News about Colin even reached the athletics community. Head football coach Larry Fedora sent Colin a signed program and well wishes during his recovery and men’s basketball coach Roy Williams sent a personal note.
“The Carolina athletics community has been so good to us,” says Patrick. “Sports has always been important to us, and when Colin was well enough to make it to some football and basketball games last year, the ticket office, for instance, helped us trade in our seats for accessible seating. We even had regular visits during baseball games from John Brunner, who works with event management. We’re grateful to everyone in the Carolina athletics family that has looked out for us during this time.”
Among those they feel most indebted to is Marisa Dobbins, a recently graduated track and field athlete at UNC who had begun her second year of nursing school when she received a call from a family friend back in Houston. The friend’s daughter had been a counselor at LLYC during the summer of Colin's accident. Years earlier, Marisa, too, had served as a counselor at the camp.
“She asked if I’d be willing to reach out to Colin, who was a friend of her daughter’s from youth camp, when he moved to Chapel Hill in October,” says Marisa. “She explained the situation and that he’d planned on starting that fall at UNC. My answer was ‘of course.’”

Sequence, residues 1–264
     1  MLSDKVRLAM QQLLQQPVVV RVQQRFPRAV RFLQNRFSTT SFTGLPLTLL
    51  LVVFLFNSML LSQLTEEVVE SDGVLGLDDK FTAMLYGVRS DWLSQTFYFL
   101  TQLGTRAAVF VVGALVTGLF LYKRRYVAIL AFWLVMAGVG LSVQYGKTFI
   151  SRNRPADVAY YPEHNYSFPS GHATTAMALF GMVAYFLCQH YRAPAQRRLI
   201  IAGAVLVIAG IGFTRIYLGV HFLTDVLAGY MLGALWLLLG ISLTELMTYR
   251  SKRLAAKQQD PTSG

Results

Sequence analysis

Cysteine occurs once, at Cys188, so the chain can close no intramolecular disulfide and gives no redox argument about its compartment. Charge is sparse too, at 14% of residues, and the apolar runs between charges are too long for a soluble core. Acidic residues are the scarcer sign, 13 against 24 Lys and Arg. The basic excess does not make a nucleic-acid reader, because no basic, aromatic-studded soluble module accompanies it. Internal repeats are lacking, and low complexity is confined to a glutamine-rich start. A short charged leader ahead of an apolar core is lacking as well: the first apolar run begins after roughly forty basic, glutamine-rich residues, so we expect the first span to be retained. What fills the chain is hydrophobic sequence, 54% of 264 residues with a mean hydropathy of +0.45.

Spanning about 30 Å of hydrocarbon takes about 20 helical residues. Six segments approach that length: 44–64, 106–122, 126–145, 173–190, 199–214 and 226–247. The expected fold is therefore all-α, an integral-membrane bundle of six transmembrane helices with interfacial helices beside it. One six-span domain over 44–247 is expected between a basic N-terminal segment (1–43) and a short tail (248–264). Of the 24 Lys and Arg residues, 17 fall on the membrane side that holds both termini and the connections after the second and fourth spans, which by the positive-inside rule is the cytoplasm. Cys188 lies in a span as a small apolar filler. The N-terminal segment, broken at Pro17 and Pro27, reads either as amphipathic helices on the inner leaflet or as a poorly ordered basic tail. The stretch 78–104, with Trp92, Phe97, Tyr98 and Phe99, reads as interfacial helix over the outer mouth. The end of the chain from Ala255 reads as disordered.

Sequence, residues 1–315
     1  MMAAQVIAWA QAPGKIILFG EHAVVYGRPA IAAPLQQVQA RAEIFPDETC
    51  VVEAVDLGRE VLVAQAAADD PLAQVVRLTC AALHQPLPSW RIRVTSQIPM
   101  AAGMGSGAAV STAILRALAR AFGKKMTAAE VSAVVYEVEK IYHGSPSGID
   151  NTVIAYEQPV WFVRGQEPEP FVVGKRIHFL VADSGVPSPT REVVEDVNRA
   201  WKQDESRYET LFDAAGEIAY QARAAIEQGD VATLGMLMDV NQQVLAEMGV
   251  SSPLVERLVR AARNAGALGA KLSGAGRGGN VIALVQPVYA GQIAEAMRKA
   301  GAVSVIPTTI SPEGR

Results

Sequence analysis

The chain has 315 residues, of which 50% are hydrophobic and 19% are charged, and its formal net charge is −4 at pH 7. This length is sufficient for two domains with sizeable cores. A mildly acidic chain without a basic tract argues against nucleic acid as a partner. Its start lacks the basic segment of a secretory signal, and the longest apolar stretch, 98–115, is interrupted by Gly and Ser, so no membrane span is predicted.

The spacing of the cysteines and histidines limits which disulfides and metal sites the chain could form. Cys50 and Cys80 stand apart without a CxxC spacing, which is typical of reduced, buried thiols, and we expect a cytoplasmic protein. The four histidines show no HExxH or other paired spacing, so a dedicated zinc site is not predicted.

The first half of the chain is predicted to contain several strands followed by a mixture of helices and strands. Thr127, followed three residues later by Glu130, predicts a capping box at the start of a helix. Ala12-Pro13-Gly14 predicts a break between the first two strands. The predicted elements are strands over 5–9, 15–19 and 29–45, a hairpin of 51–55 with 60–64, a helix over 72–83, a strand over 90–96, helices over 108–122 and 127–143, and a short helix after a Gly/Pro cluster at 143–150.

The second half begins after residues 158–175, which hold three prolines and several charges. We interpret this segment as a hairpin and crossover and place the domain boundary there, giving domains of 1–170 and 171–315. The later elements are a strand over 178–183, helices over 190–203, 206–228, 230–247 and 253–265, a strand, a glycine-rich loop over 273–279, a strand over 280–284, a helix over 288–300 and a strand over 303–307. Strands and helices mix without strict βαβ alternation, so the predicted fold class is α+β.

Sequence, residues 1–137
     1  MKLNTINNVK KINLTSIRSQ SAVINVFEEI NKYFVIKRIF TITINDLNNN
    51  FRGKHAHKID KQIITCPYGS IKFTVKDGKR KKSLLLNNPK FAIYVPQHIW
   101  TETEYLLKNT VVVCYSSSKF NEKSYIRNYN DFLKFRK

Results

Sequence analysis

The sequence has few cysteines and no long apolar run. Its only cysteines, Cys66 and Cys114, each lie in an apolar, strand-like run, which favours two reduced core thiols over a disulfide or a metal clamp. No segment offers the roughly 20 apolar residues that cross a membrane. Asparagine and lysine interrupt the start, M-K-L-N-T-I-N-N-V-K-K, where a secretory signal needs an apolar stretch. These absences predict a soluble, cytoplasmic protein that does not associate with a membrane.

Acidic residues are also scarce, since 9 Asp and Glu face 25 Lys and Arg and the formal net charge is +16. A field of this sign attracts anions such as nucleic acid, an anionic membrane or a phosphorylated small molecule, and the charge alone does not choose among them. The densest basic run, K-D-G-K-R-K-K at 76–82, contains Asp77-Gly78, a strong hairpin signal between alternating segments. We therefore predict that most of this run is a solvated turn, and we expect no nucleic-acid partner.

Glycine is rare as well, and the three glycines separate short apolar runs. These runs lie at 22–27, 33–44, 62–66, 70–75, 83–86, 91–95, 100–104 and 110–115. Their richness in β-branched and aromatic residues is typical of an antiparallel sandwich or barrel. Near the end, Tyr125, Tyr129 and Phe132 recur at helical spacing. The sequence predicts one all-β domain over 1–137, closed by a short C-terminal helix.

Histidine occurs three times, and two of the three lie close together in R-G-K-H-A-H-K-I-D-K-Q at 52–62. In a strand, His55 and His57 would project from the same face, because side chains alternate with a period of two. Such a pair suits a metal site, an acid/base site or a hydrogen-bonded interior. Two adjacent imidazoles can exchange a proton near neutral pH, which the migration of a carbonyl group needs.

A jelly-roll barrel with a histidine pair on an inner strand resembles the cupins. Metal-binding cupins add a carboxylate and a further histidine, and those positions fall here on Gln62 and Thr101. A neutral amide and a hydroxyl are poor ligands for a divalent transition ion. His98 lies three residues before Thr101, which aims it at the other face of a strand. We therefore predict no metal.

Marisa called Colin when he arrived in Chapel Hill and invited him to join her at UNC Athletes in Action, a faith-based student-athlete group that meets at the Loudermilk Center for Excellence in the east end zone of Kenan Memorial Stadium on Wednesday nights. Colin met Marisa and attended. He immediately felt at home among the group and didn’t miss a Wednesday for the remainder of the school year.
“Marisa has been so nice,” Colin says. “This was a great break from going to therapy so often throughout the past year. She’s been encouraging every time I see her, and that’s been huge for me. You can never have enough encouragement when you’re going through something like this.”
Despite his successes, remaining positive hasn’t always been easy. He’s had to attend physical, occupational, and speech therapy nine times a week, and he’s had to relearn how to walk and use the left side of his body. His jaw, which was broken during the accident, was wired shut for two months, which meant he had a tracheotomy and feeding tube placed because he couldn’t eat. He had to relearn how to talk and eat.
“He’s one of the most humble people I’ve ever met,” says Marisa. “He’s a remarkable athlete and a brilliant person and yet, despite not being who he’s used to being physically, he doesn’t let people know all that he’s accomplished. How many people, if faced with the challenges he’s gone through, would approach life that way?”
Tar Heel outfielder Adam Pate has gotten to know Colin through Athletes in Action. He marvels at one moment that occurred in late winter this year. Marisa had been meeting Colin downstairs each Wednesday and wheeling him up for the Athletics in Action gatherings. On this occasion she was caught in conversation when Colin arrived. Within minutes, Colin emerged from the elevator, walking behind his wheelchair.